Not all bioresorbables are created equal. Poly lactic acid (PLA) and poly glycolic acid (PGA) are the most common go-to materials for the fabrication of resorbable implants—devices that perform a function and, once completed, are resorbed by the body. They have their drawbacks, however: PLA and PGA may leave behind an unwanted souvenir—inflammation—as they leave the body, and, because they are stiff materials, they do not conform well to the elastic nature of tissue. Regenerez technology based on poly glycerol sebacate (PGS) from Secant Medical (Perkasie, PA) offers an alternative.
PGS was invented by renowned scientist, engineer, and inventor Dr. Robert Langer, widely considered to be the father of tissue engineering in regenerative medicine, and his post-doctoral assistant, Dr. Yadong Wang. The material notably addresses the compliance mismatch between soft tissues and implants made of PLA and PGA.
Emily Ho, Director and General Manager, Advanced Biomaterials and Contract Device Services, at Secant Medical explains. "Compliance mismatch refers to the instance when the physical and mechanical properties of a medical implant do not match the compliance of the native tissue from a chemical and physical perspective," says Ho.
The stiffness of PGA and PLA is a poor match with the properties of human tissue, adds Technical Director Jeremy Harris. "Regenerez is an elastomer that closely simulates the modulus of human tissue, thereby limiting the compliance mismatch issues seen with other materials. In addition to mismatched physical properties, the degradation chemistry of lactides and glycolides creates a locally acidic environment that can induce an inflammatory response, thus delaying the natural healing process," explains Harris. Because Regenerez is composed of glycerol and sebacic acid, which are naturally occurring metabolites, the local pH change is reduced and, therefore, healing is promoted without an acute inflammatory response, adds Ho.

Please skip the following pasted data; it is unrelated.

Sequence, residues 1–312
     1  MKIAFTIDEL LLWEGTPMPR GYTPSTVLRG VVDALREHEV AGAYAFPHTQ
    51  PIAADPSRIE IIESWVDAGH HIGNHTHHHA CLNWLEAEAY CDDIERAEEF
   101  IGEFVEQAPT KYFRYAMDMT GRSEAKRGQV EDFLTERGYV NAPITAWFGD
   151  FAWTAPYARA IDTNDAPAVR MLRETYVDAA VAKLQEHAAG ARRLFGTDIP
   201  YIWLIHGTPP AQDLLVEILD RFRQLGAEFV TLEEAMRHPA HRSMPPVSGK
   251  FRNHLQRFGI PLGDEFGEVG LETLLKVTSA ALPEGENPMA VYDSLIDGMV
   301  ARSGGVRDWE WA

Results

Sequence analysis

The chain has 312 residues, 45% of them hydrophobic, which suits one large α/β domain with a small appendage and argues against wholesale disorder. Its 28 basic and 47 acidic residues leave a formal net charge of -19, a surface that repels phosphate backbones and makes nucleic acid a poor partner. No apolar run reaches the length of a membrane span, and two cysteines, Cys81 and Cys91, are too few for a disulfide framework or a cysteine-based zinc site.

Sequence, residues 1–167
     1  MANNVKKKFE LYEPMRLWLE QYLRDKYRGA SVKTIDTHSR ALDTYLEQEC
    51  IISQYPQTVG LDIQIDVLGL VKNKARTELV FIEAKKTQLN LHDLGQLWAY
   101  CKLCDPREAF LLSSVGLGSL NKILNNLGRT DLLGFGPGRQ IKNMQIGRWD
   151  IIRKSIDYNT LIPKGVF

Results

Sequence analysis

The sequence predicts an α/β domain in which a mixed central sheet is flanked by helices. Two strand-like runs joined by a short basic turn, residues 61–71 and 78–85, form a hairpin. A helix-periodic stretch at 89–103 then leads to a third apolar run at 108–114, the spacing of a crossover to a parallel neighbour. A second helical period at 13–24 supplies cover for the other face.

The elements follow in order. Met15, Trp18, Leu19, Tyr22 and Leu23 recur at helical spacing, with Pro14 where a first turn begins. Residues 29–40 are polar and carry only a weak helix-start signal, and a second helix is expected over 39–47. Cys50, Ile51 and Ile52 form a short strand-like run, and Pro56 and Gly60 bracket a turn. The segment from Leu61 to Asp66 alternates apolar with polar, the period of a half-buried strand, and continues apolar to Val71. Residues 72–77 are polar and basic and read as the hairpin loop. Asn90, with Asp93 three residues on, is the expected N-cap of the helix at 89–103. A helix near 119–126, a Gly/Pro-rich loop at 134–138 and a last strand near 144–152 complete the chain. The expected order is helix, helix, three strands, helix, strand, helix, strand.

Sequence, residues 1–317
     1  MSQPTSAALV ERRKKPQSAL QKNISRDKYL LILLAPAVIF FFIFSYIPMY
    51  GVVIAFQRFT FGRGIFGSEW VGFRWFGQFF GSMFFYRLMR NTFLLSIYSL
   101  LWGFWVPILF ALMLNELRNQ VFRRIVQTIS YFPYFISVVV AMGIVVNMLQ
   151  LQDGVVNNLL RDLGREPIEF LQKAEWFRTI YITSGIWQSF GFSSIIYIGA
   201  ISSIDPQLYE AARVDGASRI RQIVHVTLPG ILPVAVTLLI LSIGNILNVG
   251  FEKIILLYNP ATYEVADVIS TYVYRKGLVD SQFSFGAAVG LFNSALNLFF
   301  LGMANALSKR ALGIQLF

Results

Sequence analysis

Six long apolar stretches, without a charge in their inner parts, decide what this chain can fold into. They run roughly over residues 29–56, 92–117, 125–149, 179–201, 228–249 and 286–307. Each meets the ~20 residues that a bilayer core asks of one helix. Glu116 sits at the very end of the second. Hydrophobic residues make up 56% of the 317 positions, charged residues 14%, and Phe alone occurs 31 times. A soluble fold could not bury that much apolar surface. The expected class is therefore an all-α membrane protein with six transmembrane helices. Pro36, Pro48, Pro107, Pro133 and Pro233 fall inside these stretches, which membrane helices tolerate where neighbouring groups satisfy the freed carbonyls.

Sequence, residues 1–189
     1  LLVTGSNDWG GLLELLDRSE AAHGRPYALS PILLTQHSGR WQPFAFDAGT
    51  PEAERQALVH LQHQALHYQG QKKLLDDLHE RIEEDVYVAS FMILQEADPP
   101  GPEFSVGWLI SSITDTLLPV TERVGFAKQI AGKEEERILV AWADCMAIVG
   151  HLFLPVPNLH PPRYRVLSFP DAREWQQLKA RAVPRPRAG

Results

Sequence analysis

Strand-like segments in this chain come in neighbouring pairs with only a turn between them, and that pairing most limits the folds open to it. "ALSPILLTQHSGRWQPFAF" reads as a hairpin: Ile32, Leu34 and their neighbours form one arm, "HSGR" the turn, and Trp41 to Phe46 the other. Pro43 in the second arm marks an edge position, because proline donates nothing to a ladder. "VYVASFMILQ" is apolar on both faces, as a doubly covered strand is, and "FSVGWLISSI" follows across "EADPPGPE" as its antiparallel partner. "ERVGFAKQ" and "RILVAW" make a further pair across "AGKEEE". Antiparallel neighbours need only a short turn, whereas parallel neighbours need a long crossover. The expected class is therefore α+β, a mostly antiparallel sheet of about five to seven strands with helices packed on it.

Moreover, PLA and PGA are bulk-eroding materials; as they degrade, the device swells, which is followed by a reduction of mass. "Following mass loss, a significant decrease in mechanical properties occurs in the material," says Ho. "The performance of the device during degradation can result in an uncontrolled performance profile, which can ultimately lead to potential product failure."
Secant Medical will showcase Regenerez at the forthcoming MD&M West event in Anaheim, CA, and discuss some of the applications where its unique properties can have a therapeutic benefit, notably as a coating on biomedical textile structures.
Coating a partially or fully resorbable structure with PGS can improve coating biocompatibility by promoting tissue in-growth, enabling controlled drug release, and solving the aforementioned compliance mismatch issues with bodily tissue, says Secant. Some key features of a PGS coating include conformal properties for fine architectures such as fibrous woven, braided, and knitted structures as well as perforated structures, notes the company. The tunable degradation profile, ranging from 30 to 60 days depending on the material's cure and crosslinking time, as well as the design of the implant and its location in the body, adds Ho, is another desirable property.
PGS has seen significant use on the academic level in the areas of cardiovascular, orthopedic, neurovascular and general surgery, and it has been cited in more than 400 in vivo and in vitro studies. The glacial pace of adoption of new materials in medical manufacturing because of regulatory hurdles and an understandable fear of failure at the corporate level has delayed the arrival of PGS in wholesale medical applications.
Secant Medical, however, sees vast potential in cardiovascular uses of the material, as well as soft and hard tissue repair, and other regenerative medicine applications, and it will take its message to medical device professionals at MD&M West in February.